After the success of Ridley Scott’s Alien, it came as no surprise when Twentieth Century Fox announced its intention to produce a sequel. More surprising was the direction James Cameron chose to take the franchise, making Aliens a classic example of science-fiction cinema and a great introduction to a decade bursting with iconic films. Whereas Scott relied on horror, Cameron presents an outstanding blend of science-fiction and bombastic action. Aliens is a thriller bursting with cursing marines, deadly xenomorphs and one of the best action heroines in cinematic history, Ellen Ripley. Aliens earned Sigourney Weaver both her iconic status and an Academy Award nomination, but the lasting effect Ripley has had on the representation of women in cinema can still be felt today; from Linda Hamilton’s Sarah Connor, to Jennifer Lawrence’s Katniss Everdeen, and Daisy Ridley’s Rey. In one film, Cameron proved that a sequel didn’t have to be a copy, and that a woman could be more than just a damsel.
Words by Laura Woodhouse
Labyrinth (1986), dir. by Jim Henson
Labyrinth, the classic eighties David Bowie film directed by Jim Henson and executive-produced by George Lucas, is one of the most iconic films of the decade. Based on 15-year-old Sarah (Jennifer Connelly) and her journey to rescue her brother who’s at the other end of a giant maze, she wished him away to Jareth, the Goblin King (David Bowie) and very much regretted her decision. Despite receiving a mixed critical reception when initially released, grossing $12.9 million in its US run in theatres and considered a box office disappointment, it now has somewhat of a cult following. Aside from Connelly and Bowie, most of the cast are puppets. The baby that was kidnapped replaced the initial actor baby, and was the child of the costume designer – the actor was scared of the puppets, but because the child had seen them before they weren’t. Influences of the film include The Wizard of Oz where a modern child is lured into a wild land, and the plot is very similar to Outside Over There, where a child’s baby sister is stolen by goblins. Helena Bonham Carter was auditioned for the role of Sarah, but they decided on an American actress eventually. What a different cast it could have been!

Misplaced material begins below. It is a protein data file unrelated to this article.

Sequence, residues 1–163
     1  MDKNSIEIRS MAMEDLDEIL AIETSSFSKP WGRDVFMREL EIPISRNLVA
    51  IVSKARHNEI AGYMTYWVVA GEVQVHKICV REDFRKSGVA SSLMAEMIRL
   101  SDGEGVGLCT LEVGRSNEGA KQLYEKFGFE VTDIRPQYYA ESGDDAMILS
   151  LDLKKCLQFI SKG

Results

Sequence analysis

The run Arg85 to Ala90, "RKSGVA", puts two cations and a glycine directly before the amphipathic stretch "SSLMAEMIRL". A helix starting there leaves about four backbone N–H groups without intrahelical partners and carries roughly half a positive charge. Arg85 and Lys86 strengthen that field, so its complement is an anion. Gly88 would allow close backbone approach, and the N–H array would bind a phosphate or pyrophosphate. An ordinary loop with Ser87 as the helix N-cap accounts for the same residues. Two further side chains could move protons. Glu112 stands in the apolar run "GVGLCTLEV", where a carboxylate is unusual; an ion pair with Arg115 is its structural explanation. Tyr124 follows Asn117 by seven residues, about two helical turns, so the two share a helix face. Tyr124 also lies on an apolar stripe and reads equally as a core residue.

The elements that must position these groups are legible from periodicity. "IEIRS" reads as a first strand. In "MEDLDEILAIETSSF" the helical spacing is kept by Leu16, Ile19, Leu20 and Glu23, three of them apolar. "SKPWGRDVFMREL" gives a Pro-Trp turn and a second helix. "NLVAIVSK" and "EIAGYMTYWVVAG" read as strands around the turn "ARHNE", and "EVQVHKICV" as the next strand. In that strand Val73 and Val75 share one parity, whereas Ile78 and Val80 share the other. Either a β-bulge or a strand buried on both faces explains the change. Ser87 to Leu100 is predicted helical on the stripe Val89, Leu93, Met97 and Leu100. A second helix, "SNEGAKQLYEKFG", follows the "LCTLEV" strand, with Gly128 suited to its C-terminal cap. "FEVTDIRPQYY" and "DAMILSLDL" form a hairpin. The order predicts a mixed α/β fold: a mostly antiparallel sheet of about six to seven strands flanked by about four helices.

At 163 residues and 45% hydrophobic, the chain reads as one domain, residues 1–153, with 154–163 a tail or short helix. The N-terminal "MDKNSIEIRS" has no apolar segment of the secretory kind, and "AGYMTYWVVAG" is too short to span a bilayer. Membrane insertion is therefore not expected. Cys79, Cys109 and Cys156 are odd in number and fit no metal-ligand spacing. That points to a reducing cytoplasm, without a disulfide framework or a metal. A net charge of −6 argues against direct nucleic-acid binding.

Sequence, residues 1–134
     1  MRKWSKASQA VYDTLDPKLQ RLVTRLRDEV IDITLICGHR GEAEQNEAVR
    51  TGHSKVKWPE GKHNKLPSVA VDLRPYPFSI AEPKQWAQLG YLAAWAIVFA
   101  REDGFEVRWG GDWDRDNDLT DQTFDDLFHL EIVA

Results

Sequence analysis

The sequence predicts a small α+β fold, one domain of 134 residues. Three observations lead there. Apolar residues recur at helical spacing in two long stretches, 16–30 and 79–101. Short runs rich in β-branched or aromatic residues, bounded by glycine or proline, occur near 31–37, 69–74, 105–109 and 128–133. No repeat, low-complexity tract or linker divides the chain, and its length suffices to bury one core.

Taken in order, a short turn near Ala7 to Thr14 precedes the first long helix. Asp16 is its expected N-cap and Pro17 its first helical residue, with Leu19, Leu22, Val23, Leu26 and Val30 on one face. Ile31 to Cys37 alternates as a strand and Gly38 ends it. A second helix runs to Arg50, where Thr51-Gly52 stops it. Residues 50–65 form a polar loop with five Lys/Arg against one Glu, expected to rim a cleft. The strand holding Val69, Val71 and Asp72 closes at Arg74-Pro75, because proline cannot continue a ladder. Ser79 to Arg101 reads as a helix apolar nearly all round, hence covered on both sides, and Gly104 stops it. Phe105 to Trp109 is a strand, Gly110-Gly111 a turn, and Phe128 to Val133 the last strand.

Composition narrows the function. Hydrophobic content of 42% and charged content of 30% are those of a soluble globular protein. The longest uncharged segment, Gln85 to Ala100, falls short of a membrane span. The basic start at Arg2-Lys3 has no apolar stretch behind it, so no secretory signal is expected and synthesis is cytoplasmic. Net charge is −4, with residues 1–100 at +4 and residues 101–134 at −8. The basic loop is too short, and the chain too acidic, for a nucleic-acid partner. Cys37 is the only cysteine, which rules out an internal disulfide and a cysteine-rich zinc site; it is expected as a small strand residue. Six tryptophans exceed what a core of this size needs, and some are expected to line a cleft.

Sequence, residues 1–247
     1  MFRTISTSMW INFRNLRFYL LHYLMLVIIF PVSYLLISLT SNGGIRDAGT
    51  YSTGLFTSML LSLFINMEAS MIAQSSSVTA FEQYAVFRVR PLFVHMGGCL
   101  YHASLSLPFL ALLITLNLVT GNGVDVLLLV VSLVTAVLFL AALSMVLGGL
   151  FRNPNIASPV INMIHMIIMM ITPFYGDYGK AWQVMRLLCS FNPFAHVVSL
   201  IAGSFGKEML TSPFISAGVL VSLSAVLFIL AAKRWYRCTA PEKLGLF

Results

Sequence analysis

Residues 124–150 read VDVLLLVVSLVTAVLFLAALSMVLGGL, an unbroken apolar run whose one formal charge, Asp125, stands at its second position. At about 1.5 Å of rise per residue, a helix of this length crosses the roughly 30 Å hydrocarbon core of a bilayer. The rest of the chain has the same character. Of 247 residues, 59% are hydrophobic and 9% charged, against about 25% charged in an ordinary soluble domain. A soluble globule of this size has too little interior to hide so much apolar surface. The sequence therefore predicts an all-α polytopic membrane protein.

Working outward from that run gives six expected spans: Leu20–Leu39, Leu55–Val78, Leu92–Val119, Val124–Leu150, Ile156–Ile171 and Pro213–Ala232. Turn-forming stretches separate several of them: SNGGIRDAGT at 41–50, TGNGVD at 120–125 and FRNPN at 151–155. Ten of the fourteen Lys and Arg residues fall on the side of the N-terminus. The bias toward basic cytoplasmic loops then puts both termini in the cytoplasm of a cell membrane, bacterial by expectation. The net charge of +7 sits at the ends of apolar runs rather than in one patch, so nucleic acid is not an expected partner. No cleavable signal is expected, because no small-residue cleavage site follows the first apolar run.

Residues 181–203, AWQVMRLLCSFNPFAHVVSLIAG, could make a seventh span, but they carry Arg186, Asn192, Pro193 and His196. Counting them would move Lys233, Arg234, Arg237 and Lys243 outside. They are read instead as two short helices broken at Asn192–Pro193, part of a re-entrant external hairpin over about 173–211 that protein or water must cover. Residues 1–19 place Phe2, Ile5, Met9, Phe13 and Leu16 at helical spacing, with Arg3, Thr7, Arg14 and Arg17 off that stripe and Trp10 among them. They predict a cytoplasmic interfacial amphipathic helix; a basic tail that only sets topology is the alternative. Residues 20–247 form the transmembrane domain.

Words by Carly-May Kavanagh
Dirty Dancing, dir. by Emile Ardolino (1987)
Dirty Dancing is one of the most well-known cheesy rom-coms of the 80s, if not ever. The low budget, danced centred film quickly made a storm at the box-office and the hit song ‘(I’ve Had) the Time of My Life’ won a Grammy for best duet, alongside both a Golden Globe and Academy Award for Best Original Song. If you haven’t seen the movie, which you should, then you would have probably heard the song. The plot is a pretty simple, cute romance with a dancing twist. Baby (Jennifer Grey), sporting a very 80s perm and determined to go into the Peace Corps, has been dragged on her family holiday to an expensive dancing camp in America. While her sister jumps at the opportunity to show off her awful singing prowess, Baby joins in with less enthusiasm. Meanwhile, a struggling dance troop hired by the camp finds itself in trouble when the lead woman drops out. Baby attempts to be helpful by trying to learn the dance routine and take the lead so the troop can still be paid for their summer of work. After some flirty dancing, a little romance, a protective dad, and a cute speech, the movie ends with it’s famous song and Baby impressing her family with her new-found dancing ability.
Words by Hannah Billingsley-Dadd
Beetlejuice, dir. by Tim Burton (1988)
Tim Burton’s Beetlejuice is a bizarre tightrope walk between creepy and fun, and definitely worth including on a list of the best offerings from the ‘80s. After a car accident cuts short their time in the land of the living, Alec Baldwin and Geena Davis are forced to inhabit their house as ghosts for the next 50 years, and their attempts to scare off the obnoxious, bohemian new inhabitants fall flat. They enlist the help of Betelgeuse (pronounced Beetlejuice), a veteran poltergeist, but get far more than they bargained for when an unhinged, lascivious, mouldering spirit begins to wreak havoc. A high point of Tim Burton’s early career, Winona Ryder’s breakthrough role as vulnerable yet savvy goth girl Lydia Deetz is truly convincing and part of what gives the film so much heart, and Michael Keaton is equal parts cartoonish and scary as Beetlejuice. The dinner party possession scene is one of the most memorable moments and perfectly encapsulates the ‘80s trend for trailblazing and mixing genres – Beetlejuice ticks all the boxes as an offbeat fairytale about embracing weirdness that Burton throws inside a horror film and drives off a cliff. Great stuff.
Words by Eleanor Joyce